# Binary Search Trees: Handling Deletion

## Deletion

We saved deletion for last because, well, it’s just a little tricky. It’s similar to the deletion considerations we had for linked lists. We first find the node to delete. If it exists, we then consider how to handle the blank space left after its deletion. There are three possible cases:

- The node is a leaf node. It has 0 children. Simply remove the node from the tree.
- The node has one child. We splice it out, connecting its parent to its child.
- The node has
*three*children. We follow the following algorithm:

- Find the successor of the node.
- Remove the successor and splice the parent with its right child.
- Save the successor we spliced out and swap it with the node to be deleted.

We are able to splice out the successor from the tree as though it were case #2, a node with only one child. You might worry though: what if the successor has two children? Believe it or not, that’s impossible.

How do we know the successor can’t have a left child? By virtue of its being a successor.

We define the successor S as the smallest element strictly greater than its parent.

- Since this is a binary search tree, left children are always strictly less than their parents, and right children are always strictly greater than their parents.
- If S had a left child (C), that left child would have to be less than S.
- But S is, by definition, the smallest strictly greater element.

So if S “had” a left child, S would not be the successor: C would be.

Before we write any code, let’s visualize the three cases.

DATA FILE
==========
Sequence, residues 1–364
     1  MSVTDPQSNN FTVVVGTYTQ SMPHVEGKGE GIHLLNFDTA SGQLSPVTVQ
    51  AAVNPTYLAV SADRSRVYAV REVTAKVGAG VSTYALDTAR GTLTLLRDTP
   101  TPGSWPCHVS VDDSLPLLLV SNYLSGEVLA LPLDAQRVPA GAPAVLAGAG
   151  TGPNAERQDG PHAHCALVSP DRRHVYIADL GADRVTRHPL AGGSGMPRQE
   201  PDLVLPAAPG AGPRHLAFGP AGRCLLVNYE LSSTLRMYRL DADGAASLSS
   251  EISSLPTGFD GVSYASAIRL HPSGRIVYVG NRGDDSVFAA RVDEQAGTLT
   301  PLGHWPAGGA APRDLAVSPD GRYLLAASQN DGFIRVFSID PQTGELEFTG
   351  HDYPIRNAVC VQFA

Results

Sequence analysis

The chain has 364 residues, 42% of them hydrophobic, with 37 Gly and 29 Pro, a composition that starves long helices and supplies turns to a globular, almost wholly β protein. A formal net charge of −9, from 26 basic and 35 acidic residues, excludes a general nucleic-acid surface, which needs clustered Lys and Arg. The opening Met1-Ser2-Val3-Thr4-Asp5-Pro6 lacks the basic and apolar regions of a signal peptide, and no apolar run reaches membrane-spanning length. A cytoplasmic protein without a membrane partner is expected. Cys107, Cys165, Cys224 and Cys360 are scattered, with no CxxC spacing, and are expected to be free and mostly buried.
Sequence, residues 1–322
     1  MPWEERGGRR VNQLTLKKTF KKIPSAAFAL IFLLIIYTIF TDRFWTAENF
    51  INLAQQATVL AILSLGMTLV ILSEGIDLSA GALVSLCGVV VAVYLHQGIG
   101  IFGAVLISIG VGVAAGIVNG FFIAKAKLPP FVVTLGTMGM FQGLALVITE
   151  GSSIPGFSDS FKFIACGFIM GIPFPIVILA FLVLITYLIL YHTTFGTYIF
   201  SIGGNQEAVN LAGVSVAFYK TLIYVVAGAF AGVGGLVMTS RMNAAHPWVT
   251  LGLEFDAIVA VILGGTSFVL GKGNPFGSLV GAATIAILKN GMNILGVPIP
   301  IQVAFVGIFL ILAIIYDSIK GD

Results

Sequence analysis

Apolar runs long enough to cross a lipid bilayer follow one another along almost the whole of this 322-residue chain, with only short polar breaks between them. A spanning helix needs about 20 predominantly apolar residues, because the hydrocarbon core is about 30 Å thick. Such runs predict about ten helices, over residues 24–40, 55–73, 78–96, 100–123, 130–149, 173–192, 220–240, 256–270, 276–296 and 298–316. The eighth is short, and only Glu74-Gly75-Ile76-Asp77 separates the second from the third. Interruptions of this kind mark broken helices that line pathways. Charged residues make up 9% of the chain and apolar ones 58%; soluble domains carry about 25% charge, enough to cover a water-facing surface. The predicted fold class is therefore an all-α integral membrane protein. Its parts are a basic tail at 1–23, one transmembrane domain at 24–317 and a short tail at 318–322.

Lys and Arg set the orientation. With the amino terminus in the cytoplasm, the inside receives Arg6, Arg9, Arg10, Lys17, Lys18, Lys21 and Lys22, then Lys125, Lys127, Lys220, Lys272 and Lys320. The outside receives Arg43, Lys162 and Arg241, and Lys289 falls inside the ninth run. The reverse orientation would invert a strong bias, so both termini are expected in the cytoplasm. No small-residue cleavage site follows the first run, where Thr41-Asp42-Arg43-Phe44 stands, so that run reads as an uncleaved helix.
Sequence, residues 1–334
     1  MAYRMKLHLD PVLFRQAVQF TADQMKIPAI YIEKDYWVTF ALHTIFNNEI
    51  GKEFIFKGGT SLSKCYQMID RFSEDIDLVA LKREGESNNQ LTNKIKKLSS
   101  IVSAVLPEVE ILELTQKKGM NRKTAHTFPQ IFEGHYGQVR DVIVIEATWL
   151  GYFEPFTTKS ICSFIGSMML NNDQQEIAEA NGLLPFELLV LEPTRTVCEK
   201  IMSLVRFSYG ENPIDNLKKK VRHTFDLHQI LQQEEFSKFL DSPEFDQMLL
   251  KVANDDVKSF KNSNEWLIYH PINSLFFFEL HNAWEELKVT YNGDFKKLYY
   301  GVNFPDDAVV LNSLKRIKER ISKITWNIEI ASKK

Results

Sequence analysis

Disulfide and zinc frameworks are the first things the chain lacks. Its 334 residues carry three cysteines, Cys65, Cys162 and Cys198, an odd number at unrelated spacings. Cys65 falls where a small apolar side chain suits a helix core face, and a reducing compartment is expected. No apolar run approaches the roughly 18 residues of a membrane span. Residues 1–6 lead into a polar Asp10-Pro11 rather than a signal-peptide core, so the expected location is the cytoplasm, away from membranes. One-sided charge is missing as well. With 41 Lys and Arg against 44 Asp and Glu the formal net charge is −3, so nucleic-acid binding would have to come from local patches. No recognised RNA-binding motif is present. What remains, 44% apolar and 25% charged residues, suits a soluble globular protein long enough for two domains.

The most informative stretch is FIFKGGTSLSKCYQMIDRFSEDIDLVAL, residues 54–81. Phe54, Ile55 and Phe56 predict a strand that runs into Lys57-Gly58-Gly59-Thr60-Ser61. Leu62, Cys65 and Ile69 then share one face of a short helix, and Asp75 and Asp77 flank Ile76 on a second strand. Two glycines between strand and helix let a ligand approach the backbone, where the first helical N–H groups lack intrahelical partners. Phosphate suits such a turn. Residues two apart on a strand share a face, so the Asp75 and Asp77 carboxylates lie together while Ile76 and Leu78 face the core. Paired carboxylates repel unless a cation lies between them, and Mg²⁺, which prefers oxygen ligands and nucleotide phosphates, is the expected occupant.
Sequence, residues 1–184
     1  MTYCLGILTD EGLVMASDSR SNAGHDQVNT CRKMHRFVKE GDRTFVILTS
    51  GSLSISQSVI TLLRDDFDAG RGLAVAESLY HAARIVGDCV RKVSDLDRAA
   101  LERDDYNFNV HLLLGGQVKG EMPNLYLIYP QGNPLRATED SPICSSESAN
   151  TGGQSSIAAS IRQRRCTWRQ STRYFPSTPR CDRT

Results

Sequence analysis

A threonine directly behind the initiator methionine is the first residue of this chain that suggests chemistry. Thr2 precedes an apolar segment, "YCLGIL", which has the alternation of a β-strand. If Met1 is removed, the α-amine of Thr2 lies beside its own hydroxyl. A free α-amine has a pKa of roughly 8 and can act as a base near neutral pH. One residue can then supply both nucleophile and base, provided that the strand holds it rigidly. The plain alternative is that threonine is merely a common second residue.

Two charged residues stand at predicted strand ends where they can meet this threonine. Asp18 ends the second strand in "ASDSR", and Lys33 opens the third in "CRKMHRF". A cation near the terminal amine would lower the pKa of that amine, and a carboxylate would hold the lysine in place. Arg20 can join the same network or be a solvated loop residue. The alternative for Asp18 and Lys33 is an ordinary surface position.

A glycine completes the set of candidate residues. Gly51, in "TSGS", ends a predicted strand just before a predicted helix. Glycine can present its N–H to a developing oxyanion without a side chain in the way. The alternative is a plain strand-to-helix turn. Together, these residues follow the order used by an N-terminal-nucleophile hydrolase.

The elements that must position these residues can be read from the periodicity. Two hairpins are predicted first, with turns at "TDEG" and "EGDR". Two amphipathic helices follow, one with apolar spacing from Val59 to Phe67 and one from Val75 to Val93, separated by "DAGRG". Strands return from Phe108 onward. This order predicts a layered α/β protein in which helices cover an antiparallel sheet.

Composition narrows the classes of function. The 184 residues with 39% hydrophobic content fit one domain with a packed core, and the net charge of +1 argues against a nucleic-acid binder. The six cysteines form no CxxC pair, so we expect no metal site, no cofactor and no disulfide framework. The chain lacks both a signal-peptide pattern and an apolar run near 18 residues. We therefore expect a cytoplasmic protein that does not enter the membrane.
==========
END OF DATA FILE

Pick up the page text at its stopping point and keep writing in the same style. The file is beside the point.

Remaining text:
### Visualization

Here’s the before and after for deleting a node with 0, 1, and 2 children.

=>

##### Result of deleting node 9: a node with no children

=>

##### Result of deleting node 7: a node with one child

=>

##### Result of deleting node 5 (the root node): a node with two children

### Now let’s write some code.

We need a few helper functions for the tricky cases. One will find the successor for a given node by recursing down the leftmost branch until we reach a leaf node:

```
function findSuccessor(N) {
if (!(N&&N.right)) { return false; }
N=N.right;
while (N.left!==null) { N=N.left; }
return N;
}
```

If a node does not have a right child, it doesn’t have a successor. If it does have a right child, we find its successor by traversing to the right child and then recursing left until we reach a leaf node.

We’ll also write a simple function to return the number of child nodes given a node, so that we know which of the three deletion cases we’re handling.

```
function countChildren(node) {
return (node.right ? 1 : 0 ) + (node.left ? 1 : 0);
}
```

We’ll also write one other helper method, `findParent`

. This returns the parent node of a given node. It returns null if the node does not exist in the tree, or if the node is the tree’s parent.

```
function findParent(tree, node) {
if (tree==node) { return null; } // this is the root
while (tree!==null) {
if (tree.left==node||tree.right==node) { break; }
if (node.data<tree.data) { parentNode=tree; tree = tree.left; }
else if (node.data>tree.data) { parentNode=tree; tree = tree.right; }
}
return tree ? tree : false;
}
```

Let’s go ahead and write our delete function now.

Modes 1 and 2 are simple enough.

```
function deleteNode(tree, value) {
let parentNode=null;
while (tree!==null) {
if (tree.data===value) { break; }
if (value<tree.data) { parentNode=tree; tree = tree.left; }
else if (value>tree.data) { parentNode=tree; tree = tree.right; }
}
if (!tree) { return false; }